Film, Hindi, India, Review


Although Rajesh A Krishnan’s sophomore outing, Crew starring Tabu, Kareena Kapoor Khan and Kriti Sanon, has its share of a few quirky and enjoyable moments, it fails to work as a whole, coming across as all style but very little substance.

The film follows a trio of disgruntled, middle-class air hostesses – Geeta (Tabu), Divya (Sanon) and Jasmine (Kapoor Khan), who work for a failing airline. In order to make ends meet, they moonlight as gold smugglers before subsequently scheming to rob their employer.

On numerous occasions, heist films are guilty of getting caught up in futile over-expositions and unsatisfying cliché payoffs. In that sense, Crew gets on with its plot swiftly. The key advantage of this is that the plight of the titular characters is never over-sensationalised. Krishnan never coerces us to feel an iota of empathy for his characters. We may feel so if we want, but doesn’t spend time forcibly evoking those emotions within us. However, the  downside to this approach is that characters are never deeply explored and remain superficial, merely catering to the plot at hand. This is highly surprising for a Krishnan film to be so shallow as his directorial debut, Lootcase (2020), was so much more than just a stylised black comedy. Not only was it a character study of Nandan and his quirky impulses/tendencies, but rather a discourse on Indian middle-class mentality at large.

This failure on Crew‘s part is all the more disappointing because the theme provides Krishnan a novel opportunity: to shed light on working middle-class women, each in a different phase of life, through comedy. What has the potential to be a hilarious and sleek modern-day cross between Thelma & Louise (1990) – imbibing its protagonists’ bonhomie and camaraderie – and Jackie Brown (1997) – taking in its character exploration and narrative structure – is unfortunately reduced to a series of so-called ‘cool shots’ of so-called confident women strutting around in beautiful airports and forced comedy. What’s more, the plot is treated with tried and tested, uninspired formulas.

Each character in the film comes with their own set of agendas and emotional baggage. Geeta, known as Sethi ma’am to her colleagues, aspires to revitalise her life and marriage, planning to exit from the aviation world as soon as her PF payment comes through. A rational and pragmatic thinker, Geeta represents a section of working women who contribute as sole breadwinners, whose spouses are up to no good or are in a phase of unemployment due to unforeseen circumstances. Luckily for her, she has an understanding and empathetic husband (Kapil Sharma), who provides her with solid moral support. The major reservation one has about Geeta is that her integrity and morals shift too conveniently as per the demands of the narrative. As someone who is a role model to her juniors and respected by fellow colleagues, she takes little initiative to influence them against their criminal impulses.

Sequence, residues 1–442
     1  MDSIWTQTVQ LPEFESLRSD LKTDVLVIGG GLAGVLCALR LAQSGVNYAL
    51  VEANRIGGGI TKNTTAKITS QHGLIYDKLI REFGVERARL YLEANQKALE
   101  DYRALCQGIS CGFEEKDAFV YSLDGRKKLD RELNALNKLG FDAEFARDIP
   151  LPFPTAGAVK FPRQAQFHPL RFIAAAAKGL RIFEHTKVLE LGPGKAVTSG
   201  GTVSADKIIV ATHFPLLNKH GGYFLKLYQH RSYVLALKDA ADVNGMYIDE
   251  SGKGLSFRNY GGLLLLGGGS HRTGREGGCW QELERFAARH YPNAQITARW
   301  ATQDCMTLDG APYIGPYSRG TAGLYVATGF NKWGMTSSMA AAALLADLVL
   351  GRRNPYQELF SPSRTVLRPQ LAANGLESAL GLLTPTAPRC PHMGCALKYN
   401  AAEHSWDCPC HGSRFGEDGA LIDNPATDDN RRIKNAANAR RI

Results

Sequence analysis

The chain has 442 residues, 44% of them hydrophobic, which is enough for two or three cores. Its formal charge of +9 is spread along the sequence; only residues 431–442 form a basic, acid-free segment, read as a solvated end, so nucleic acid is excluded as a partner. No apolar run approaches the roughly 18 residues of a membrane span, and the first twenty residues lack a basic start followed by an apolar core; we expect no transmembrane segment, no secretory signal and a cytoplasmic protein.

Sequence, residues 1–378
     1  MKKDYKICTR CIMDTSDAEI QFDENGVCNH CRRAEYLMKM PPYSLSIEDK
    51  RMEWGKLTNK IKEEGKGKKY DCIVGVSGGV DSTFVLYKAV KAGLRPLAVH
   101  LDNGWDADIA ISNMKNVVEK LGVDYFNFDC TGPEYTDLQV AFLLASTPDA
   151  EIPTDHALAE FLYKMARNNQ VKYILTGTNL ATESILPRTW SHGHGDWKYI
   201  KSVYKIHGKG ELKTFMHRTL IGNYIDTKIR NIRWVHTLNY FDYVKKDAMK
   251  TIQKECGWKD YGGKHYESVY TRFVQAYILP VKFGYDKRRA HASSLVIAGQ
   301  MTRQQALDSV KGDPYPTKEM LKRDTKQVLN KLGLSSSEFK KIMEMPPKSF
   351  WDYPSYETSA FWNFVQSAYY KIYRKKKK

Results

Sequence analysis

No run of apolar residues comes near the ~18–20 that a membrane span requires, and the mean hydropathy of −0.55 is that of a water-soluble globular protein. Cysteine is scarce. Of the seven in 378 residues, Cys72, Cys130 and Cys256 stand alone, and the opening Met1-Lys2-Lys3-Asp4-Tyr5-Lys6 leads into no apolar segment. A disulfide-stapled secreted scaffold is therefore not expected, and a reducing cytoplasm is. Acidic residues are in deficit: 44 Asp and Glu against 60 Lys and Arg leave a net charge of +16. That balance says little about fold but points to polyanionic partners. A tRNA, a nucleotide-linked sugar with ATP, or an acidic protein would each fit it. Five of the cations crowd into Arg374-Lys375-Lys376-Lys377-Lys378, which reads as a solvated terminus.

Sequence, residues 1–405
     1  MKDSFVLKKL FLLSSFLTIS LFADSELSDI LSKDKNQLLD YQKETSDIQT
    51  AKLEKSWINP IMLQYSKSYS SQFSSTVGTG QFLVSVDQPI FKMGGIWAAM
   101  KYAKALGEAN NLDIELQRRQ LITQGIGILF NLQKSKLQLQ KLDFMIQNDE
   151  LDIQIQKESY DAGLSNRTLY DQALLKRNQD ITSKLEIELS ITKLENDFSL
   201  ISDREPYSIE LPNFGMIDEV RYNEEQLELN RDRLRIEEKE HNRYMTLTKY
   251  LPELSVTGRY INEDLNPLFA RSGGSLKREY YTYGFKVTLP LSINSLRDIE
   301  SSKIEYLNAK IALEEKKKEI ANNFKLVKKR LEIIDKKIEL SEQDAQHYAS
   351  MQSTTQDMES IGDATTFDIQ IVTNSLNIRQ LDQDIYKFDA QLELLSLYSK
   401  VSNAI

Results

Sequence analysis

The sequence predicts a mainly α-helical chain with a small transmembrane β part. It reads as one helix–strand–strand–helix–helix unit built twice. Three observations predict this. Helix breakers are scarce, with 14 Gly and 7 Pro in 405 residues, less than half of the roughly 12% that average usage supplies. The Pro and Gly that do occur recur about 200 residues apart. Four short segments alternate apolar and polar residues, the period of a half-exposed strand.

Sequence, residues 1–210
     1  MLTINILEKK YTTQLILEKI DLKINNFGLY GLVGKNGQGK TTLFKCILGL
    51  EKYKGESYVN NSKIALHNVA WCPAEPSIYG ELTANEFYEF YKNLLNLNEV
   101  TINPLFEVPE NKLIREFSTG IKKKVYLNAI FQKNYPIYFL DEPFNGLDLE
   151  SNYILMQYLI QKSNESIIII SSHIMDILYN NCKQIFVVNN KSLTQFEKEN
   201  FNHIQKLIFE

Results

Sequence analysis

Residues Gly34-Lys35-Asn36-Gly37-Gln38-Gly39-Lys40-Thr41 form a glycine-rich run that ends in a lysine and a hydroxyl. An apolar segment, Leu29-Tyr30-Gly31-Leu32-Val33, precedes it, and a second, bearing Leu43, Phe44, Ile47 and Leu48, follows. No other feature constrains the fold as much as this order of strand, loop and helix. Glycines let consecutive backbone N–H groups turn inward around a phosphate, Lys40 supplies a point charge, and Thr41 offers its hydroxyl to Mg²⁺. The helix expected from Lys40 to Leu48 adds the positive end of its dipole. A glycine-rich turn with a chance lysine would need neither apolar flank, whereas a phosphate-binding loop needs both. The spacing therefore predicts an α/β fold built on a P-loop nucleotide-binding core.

Divya, an exemplary student and once upon a time basketball player and qualified pilot, is left with no choice but to become an air-hostess due to recession in the industry during the pandemic. Having been a quintessential good girl all her life and brought up in a stable household, it is understandable as to why Divya feels as though she has been served a raw deal. This however, is not justification enough for her to join forces with her colleagues and indulge in serious criminal activities. Her rekindled romance with an old flame, the investigating customs officer Jaiveer (Diljit Dosanjh) feels frankly unnecessary; the makers probably added this to bring a dimension of emotional stakes to the entire ‘cat-and-mouse chase’ which sadly fails to come across effectively.

The most intriguing and best fleshed out character in the entire film is that of Jasmine. Her transactional nature, materialism, fear of developing lasting interpersonal relationships and moral ambiguity is a result of a troubled childhood which compelled her to stay with her grandfather (the only person she is deeply attached to). It is in fact her arc that is most believable and also most susceptible to get attracted to the world of crime. There is a street-smartness and cunning about her which she carefully leverages to sway her colleagues.

There is little that performances can achieve if the writing is casual and disjointed.  The non-linear structure, although essential to mask gaps in the plot, feels redundant and the persistent spoon feeding of timelines does have the propensity to become irksome. Another takeaway is that the film for its entirety (and for better or worse), has the look and feel of an ad film. This is also detrimental to the pace and rhythm of the film – its fast-paced editing might keep the plot moving but the emotional/heavy moments are never juiced out to their maximum.

The cinematography is effective while the production design, colour schemes and costumes are meticulously thought through, refraining from being inessentially surreal. The original music of the film is out of place and disconnected from the narrative, while the background score is time worn and continuous, being counterproductive to the humour and emotion within a given scene.

Overall, Crew proves yet again that there is nothing more dissatisfying than a promising theme that fails to realise its potential in the hands of more than capable makers.


Hindi, Comedy, Color

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